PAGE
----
About Arthritis

Arthritis is a common condition that causes pain and inflammation within a joint.

The word “Arthritis” simply means a painful condition of the joints. In the UK, around 10 million people have arthritis. People often assume that arthritis is associated with ageing but in fact arthritis can affect people of all ages including children. The condition affects people of all ages including children. There are many different types of arthritis that cause a wide range of symptoms but generally they can be divided into degenerative or mechanical arthritis and inflammatory arthritis. Two of the most common are osteoarthritis and rheumatoid arthritis.

Degenerative or mechanical arthritis is a group of conditions where the cartilage, which covers the ends of the bones, becomes damaged. The bone underneath then tries to repair this damage but sometimes overgrows, altering the shape of your joint. This is commonly called osteoarthritis and affects around 8 million people in the UK. It’s more common in older people and particularly affects the joints that get heavy use, such as hips and knees. It may also occur after a fracture or previous damage to the joint.

Inflammatory arthritis is a type of arthritis where your body’s immune system produces inflammation that causes joints to become swollen and damaged. A common example is rheumatoid arthritis, which affects around 400,000 people in the UK. and often starts in people between the ages of 40 and 50 years old. Women are three times more likely to be affected by the condition than men. Other examples include reactive arthritis, ankylosing spondylitis, and arthritis associated with colitis or psoriasis.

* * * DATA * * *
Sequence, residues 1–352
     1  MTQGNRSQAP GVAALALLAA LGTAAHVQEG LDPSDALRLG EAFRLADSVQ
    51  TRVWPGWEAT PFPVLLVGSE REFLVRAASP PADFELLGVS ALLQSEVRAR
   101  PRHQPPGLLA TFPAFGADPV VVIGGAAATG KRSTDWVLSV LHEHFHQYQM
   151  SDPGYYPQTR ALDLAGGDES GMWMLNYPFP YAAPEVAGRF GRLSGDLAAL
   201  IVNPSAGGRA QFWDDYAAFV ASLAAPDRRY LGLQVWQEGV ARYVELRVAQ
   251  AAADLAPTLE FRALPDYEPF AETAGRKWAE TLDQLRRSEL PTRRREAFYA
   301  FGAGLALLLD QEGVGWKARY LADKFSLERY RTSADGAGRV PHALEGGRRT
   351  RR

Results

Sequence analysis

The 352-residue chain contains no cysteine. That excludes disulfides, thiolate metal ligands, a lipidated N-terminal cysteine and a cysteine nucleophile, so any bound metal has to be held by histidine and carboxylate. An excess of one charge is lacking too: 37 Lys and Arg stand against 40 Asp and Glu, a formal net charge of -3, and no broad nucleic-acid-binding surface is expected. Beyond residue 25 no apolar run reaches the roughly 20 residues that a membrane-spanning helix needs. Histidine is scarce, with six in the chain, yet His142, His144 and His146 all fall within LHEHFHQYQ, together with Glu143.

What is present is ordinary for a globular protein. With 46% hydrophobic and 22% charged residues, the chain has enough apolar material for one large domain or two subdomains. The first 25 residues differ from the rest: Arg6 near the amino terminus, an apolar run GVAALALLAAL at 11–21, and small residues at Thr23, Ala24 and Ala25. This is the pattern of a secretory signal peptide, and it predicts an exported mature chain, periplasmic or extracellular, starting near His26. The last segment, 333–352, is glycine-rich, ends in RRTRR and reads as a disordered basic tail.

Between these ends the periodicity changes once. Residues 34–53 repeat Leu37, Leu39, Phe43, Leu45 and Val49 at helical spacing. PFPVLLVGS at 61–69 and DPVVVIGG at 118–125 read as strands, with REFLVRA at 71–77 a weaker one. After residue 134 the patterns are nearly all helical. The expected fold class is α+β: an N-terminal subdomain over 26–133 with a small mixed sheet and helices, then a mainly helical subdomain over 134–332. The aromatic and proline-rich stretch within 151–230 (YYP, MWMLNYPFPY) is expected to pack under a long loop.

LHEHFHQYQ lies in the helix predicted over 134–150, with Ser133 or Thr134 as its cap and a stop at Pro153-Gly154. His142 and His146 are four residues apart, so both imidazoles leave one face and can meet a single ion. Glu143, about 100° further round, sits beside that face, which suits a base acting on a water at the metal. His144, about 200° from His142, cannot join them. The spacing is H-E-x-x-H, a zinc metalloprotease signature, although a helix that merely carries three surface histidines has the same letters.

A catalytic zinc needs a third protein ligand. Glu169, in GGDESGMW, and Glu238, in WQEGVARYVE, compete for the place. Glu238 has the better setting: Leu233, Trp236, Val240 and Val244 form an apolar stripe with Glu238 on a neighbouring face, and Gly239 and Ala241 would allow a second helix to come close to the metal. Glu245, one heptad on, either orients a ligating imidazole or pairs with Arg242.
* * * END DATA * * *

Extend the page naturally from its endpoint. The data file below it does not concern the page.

Symptoms of arthritis

There are many different symptoms of arthritis and the symptoms experienced vary depending on the type of arthritis. However, common arthritic symptoms include:

· joint pain, tenderness and stiffness

· inflammation in and around the joints

· restricted movement of the joints

· warmth and redness of the skin over the affected joint

· weakness and muscle wasting

Arthritis and children

Although arthritis is often associated with older people, it can sometimes affect children. In the UK, about 12,000 children under 16 years of age have arthritis. Most types of childhood arthritis are referred to as juvenile idiopathic arthritis (JIA). JIA causes pain and inflammation in one or more joints for at least six weeks. Although the exact cause of JIA is unknown, the symptoms often improve as a child gets older, allowing them to lead a normal life.